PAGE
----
One possible solution to the dilemmas is to make a copy of the original organ when the alterations have to be preserved in the restoration. It is usually an impractical solution because the customer is satisfied with the restoration for which the funds have been raised. And the relationship of an organ with its church and its original position within it is a valuable a part of its testimony. With small organs it is more feasible, but we have only once restored an organ and made a copy of it. We restored a ca1700 Italian chamber organ for Sheila Lawrence, as we found it, and made a copy as a hire organ in the early music world (though with a transposing keyboard and the treble Voce Umana which is the sound chiefly associated with the classical Italian organ).

The survival of the wind chest(s) is usually the key to a restoration. It provides and fixes the specification of the organ, so it is difficult to move far from the original stoplist and key compass. If stops have been exchanged or altered, it is usually in association with the provision of other wind chests, a Swell organ or Pedals. If the original wind chest survives it can authorize the return of the organ to its original stoplist and key compass, as it did at St Helen Bishopsgate. No modern organist would choose to have a compass from GG to d³, but the use of the old chest leaves the possibility for organists to explore the music of the period with their low notes.

It is amazing how often the date to which the organ is restored is the date of the wind chest. It makes it all the more galling that the work of the two emblematic builders of classical English organs, Bernard Smith in the 17th century and John Snetzler in the 18th century, is not represented by a single surviving wind chest, not in their church work at any rate. So the church organs of these builders can only be re-created by reconstructing their work in new organs, or by assembling surviving parts. The 1777 Snetzler organ at Rotherham Minster has the case, the keys and console and parts of 19 of the original 20 stops surviving. It would need a new mechanism, but the project would be distinctly possible.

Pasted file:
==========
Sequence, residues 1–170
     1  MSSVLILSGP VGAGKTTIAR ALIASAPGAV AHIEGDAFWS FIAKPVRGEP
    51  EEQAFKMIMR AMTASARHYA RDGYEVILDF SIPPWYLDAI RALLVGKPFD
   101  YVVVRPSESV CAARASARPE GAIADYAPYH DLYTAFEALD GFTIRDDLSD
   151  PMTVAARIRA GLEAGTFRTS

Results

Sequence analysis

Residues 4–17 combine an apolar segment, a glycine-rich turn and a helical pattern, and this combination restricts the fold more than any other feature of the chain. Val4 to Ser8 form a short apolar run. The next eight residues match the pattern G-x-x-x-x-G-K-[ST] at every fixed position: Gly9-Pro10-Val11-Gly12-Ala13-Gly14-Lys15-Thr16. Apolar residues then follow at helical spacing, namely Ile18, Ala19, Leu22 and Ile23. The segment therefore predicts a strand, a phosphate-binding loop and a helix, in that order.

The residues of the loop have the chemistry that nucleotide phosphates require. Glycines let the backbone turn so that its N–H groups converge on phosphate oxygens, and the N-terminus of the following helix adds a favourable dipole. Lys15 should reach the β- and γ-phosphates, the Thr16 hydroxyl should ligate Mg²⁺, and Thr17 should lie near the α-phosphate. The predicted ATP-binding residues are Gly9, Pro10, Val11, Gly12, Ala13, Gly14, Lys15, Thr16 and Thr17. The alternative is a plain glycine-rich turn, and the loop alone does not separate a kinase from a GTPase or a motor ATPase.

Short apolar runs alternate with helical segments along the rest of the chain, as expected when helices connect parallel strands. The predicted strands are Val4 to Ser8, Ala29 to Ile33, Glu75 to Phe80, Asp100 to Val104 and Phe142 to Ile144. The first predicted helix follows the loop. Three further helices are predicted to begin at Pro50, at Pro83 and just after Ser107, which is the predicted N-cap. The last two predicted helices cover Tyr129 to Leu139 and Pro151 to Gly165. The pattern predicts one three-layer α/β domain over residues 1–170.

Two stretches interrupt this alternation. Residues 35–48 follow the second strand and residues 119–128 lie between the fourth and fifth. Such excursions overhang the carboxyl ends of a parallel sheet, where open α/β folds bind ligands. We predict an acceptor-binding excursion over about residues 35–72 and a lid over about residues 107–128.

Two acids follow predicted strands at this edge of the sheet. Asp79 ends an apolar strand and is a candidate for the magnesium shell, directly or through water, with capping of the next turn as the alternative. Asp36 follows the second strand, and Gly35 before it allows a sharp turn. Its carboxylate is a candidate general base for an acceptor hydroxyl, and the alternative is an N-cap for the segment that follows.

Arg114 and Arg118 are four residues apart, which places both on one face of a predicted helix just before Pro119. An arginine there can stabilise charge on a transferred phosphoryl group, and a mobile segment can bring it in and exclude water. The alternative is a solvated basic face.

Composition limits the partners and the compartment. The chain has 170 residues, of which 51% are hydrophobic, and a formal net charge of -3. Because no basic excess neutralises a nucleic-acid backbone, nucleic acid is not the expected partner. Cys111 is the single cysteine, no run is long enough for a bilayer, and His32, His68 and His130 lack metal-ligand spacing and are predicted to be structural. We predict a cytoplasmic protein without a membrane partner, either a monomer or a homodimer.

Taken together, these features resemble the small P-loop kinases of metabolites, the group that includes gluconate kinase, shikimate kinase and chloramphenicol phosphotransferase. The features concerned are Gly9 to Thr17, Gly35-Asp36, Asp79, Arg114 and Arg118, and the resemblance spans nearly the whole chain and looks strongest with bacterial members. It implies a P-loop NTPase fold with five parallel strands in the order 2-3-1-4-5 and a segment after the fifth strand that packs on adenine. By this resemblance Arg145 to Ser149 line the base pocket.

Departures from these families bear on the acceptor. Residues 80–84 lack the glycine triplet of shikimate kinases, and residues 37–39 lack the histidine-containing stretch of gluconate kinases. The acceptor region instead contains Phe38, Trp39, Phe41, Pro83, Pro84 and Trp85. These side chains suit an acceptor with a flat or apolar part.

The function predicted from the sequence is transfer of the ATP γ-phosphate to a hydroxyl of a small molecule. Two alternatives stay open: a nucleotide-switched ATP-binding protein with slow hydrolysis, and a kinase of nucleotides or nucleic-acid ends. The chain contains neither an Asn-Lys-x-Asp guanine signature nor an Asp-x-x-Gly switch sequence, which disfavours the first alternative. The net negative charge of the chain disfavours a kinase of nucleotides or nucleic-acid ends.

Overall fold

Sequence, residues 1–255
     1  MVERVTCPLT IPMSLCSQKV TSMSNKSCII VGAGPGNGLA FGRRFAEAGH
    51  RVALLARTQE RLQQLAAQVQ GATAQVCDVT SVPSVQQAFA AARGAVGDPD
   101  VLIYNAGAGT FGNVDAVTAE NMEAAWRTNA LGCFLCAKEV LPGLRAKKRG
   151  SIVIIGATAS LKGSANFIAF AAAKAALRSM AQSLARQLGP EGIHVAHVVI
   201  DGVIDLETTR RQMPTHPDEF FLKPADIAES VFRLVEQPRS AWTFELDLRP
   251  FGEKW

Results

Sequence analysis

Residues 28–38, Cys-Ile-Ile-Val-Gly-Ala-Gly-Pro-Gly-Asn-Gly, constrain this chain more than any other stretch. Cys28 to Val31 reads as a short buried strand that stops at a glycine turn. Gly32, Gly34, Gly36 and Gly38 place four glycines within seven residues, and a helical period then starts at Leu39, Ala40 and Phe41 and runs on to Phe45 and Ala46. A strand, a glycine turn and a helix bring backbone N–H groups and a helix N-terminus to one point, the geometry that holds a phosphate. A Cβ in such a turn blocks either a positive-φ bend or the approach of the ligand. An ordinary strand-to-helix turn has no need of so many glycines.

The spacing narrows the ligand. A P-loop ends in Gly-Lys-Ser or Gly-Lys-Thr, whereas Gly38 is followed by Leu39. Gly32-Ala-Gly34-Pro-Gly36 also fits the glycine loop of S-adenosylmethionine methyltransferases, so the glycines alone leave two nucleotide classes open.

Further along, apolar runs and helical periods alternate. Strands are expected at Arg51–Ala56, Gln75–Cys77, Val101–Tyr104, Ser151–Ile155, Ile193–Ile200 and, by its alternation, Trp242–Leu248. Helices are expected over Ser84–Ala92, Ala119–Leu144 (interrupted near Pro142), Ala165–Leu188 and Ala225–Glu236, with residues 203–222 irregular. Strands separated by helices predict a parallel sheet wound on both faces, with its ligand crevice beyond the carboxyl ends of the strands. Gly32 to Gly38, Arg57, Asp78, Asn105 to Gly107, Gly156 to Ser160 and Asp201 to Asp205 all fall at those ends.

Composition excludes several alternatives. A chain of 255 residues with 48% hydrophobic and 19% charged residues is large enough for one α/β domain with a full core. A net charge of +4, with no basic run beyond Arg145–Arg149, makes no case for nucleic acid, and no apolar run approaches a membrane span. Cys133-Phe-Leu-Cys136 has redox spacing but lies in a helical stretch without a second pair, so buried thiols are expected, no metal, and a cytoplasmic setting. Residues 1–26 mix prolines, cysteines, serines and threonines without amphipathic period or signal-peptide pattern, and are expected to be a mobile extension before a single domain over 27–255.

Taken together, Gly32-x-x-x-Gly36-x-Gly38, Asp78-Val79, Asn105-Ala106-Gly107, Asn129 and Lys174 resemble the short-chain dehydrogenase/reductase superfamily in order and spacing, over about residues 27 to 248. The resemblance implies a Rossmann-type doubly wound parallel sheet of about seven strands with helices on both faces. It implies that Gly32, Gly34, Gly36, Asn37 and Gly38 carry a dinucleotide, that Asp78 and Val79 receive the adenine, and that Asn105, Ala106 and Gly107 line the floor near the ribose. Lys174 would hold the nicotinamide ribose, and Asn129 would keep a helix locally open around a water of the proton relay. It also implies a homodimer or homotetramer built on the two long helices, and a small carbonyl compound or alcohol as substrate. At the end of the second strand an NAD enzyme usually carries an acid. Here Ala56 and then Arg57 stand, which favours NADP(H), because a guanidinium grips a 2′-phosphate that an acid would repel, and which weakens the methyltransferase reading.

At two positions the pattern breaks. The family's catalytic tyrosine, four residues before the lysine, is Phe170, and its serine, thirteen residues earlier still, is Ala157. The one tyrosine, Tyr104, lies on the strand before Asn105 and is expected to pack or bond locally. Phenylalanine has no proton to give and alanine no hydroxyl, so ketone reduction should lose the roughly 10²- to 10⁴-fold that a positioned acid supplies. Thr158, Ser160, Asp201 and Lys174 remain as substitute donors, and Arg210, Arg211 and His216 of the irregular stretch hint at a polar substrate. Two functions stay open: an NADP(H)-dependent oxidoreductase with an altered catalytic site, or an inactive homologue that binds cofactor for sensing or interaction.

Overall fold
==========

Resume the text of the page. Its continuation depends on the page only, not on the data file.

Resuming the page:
The work of restoring an organ can be an agonizing business. Trying to preserve the character of the original and retain original material wherever possible means that each pipe and each bit of mechanism passing across the workbench required a mini-decision; whether the original material will survive for the next century, or whether it needs to be replaced. At point does the character of the organ cease to be as obvious to future generations as it still is for us. Leather usually has to be replaced, just because of its natural deterioration; it cannot be conserved, repaired and reinforced if it is to do it essential jobs as a seal or a hinge. Occasionally the corrosion in a country church organ is such that the screws or pins have to be replaced rather than repaired; then they go into a museum box under the organ.

Most agonizing is the tonal work, because it is the most important and the most fugitive. Not historic organ will sound as it did originally, but it is usually possible to pick out pipes which have been altered least by time or human hand, and use them as models for the others. All the actions of time, settlement, wear and tear, and developing taste tend to make an organ quieter, and to favour the bass over the treble, and the unison stops over the upperwork. Nonetheless, it is often safer to regulate the volume of the pipes to the mean, though one could choose to regulate them up to the loudest pipes. In either case, a note should be left in the restoration report.